Hazards Analysis, Code Compliance & Procedure Development

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Combustible Dust Testing

Laboratory testing to quantify dust explosion and reactivity hazards

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Laboratory testing to quantify explosion hazards for vapor and gas mixtures

Chemical Reactivity Testing

Laboratory testing to quantify reactive chemical hazards, including the possibility of material incompatibility, instability, and runaway chemical reactions

DIERS Methodology

Design emergency pressure relief systems to mitigate the consequences of unwanted chemical reactivity and account for two-phase flow using the right tools and methods

Deflagrations (Dust/Vapor/Gas)

Properly size pressure relief vents to protect your processes from dust, vapor, and gas explosions

Effluent Handling

Pressure relief sizing is just the first step and it is critical to safety handle the effluent discharge from an overpressure event

Thermal Stability

Safe storage or processing requires an understanding of the possible hazards associated with sensitivity to variations in temperature


Classification of hazardous materials subject to shipping and storage regulations

Safety Data Sheets

Develop critical safety data for inclusion in SDS documents


Model transport of airborne virus aerosols to guide safe operations and ventilation upgrades


Model transport of contamination for source term and leak path factor analysis

Fire Analysis

Model transport of heat and smoke for fire analysis

Flammable or Toxic Gas

transport of flammable or toxic gas during a process upset

OSS consulting, adiabatic & reaction calorimetry and consulting

Onsite safety studies can help identify explosibility and chemical reaction hazards so that appropriate testing, simulations, or calculations are identified to support safe scale up

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Engineering and testing to support safe plant operations and develop solutions to problems in heat transfer, fluid flow, electric power systems

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Testing to support safe design of batteries and electrical power backup facilities particularly to satisfy UL9540a ed.4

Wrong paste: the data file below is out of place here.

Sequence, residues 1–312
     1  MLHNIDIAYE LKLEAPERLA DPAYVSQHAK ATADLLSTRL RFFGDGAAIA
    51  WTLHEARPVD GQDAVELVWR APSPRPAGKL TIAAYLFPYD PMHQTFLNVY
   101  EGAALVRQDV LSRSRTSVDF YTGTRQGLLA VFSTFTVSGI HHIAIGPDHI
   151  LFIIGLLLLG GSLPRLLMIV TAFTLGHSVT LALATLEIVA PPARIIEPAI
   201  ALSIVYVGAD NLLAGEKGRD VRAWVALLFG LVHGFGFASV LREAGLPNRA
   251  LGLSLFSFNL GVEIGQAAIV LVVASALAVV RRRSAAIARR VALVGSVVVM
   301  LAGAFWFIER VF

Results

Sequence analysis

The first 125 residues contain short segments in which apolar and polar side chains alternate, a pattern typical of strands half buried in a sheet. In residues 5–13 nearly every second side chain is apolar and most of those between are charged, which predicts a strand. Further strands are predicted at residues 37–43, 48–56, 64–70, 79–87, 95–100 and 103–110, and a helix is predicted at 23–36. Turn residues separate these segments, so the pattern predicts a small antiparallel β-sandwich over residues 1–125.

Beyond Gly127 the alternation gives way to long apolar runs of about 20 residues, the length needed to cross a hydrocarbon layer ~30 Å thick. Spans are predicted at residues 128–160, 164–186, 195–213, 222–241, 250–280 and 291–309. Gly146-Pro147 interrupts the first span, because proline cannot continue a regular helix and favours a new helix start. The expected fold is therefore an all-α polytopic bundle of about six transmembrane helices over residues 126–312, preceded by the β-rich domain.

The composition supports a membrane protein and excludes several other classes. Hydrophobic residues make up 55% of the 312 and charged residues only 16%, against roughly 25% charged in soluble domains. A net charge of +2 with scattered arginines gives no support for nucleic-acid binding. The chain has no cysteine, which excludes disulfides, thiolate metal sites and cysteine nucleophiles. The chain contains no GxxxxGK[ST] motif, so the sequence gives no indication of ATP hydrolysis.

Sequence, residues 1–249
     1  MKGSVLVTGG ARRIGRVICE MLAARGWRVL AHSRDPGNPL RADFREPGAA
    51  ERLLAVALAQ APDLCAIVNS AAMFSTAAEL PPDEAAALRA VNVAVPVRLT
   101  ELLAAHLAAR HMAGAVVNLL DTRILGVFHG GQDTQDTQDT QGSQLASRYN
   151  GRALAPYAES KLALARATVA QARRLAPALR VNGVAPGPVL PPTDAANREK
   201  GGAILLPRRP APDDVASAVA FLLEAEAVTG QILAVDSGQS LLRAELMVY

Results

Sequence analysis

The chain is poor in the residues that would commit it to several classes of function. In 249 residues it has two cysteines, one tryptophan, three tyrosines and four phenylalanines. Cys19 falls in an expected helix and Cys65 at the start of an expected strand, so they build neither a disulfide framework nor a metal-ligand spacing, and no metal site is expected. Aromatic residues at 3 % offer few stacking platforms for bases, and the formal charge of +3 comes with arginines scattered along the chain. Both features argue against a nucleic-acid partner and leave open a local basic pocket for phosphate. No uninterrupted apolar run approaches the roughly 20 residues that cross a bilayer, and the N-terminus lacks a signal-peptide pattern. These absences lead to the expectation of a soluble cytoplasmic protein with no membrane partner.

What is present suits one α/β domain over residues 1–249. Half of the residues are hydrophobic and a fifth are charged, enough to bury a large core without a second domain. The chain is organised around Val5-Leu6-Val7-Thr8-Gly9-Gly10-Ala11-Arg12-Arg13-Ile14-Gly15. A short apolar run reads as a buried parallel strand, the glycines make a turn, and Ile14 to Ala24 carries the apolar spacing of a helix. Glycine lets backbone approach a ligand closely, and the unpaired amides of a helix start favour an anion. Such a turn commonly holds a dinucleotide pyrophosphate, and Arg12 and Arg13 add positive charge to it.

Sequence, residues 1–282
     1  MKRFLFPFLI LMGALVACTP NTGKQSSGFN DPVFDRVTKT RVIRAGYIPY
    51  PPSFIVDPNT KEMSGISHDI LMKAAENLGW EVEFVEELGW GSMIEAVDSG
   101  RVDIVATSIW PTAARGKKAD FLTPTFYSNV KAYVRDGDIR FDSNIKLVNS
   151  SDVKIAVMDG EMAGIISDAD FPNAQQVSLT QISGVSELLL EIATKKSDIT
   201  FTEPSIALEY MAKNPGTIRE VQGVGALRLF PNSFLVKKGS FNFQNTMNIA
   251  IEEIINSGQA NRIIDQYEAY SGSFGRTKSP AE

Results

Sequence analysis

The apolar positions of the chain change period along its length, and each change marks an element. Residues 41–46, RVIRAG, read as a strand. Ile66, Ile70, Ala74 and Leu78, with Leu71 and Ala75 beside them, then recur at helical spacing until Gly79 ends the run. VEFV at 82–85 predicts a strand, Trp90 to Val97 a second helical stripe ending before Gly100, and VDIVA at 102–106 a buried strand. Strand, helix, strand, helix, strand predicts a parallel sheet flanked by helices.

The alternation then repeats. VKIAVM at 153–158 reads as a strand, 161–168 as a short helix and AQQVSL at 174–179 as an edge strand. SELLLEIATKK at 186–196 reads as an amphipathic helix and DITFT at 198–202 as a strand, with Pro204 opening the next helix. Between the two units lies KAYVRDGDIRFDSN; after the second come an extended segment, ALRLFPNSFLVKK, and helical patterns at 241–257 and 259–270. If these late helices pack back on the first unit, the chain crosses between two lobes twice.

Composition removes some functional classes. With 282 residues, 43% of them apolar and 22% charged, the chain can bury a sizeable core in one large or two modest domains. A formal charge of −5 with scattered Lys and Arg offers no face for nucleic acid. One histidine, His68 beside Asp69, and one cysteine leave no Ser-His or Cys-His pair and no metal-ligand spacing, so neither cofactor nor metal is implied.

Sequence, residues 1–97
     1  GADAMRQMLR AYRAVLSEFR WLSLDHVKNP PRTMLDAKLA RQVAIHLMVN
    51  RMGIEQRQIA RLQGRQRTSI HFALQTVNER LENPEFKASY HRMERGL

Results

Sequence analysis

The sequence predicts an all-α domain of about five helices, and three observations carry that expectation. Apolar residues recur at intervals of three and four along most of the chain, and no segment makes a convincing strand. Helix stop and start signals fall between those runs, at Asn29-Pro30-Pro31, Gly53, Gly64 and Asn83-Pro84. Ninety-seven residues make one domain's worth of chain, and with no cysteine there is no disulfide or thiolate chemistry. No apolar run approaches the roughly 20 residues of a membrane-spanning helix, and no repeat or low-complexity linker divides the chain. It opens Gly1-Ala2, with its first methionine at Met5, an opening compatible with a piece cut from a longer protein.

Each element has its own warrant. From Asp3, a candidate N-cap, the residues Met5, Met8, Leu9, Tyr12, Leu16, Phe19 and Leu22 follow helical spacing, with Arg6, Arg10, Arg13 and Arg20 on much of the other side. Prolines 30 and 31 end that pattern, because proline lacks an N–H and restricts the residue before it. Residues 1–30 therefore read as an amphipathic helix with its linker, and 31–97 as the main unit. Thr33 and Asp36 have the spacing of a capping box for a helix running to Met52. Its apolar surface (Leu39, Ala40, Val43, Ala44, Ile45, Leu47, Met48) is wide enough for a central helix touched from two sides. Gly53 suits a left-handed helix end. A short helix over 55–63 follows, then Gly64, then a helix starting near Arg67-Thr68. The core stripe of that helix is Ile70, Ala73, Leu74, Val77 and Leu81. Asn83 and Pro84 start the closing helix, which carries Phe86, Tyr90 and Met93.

Hydrogen Safety

Testing and consulting on the explosion risks associated with devices and processes which use or produce hydrogen

Spent Fuel

Safety analysis for packaging, transport, and storage of spent nuclear fuel

Decommissioning, Decontamination and Remediation (DD&R)

Safety analysis to underpin decommissioning process at facilities which have produced or used radioactive nuclear materials

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Bespoke testing and modeling services to validate analysis of DD&R processes

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Our Nuclear Services Group is recognized for comprehensive evaluations to help commercial nuclear power plants operate efficiently and stay compliant.

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Expert analysis of possible risk and consequences from nuclear plant accidents

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Testing and analysis to ensure that critical equipment will operate under adverse environmental conditions

Environmental Qualification (EQ) and Equipment Survivability (ES)

Testing and analysis to ensure that critical equipment will operate under adverse environmental conditions

Laboratory Testing & Software Capabilities

Testing and modeling services to support resolution of emergent safety issues at a power plant

Adiabatic Safety Calorimeters (ARSST and VSP2)

Low thermal inertial adiabatic calorimeters specially designed to provide directly scalable data that are critical to safe process design

Other Lab Equipment and Parts for the DSC/ARC/ARSST/VSP2 Calorimeters

Products and equipment for the process safety or process development laboratory


Software for emergency relief system design to ensure safe processing of reactive chemicals, including consideration of two-phase flow and runaway chemical reactions


Facility modeling software mechanistically tracks transport of heat, gasses, vapors, and aerosols for safety analysis of multi-room facilities


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Recent Posts

Combustible Dust Hazards in Industrial Hygiene Settings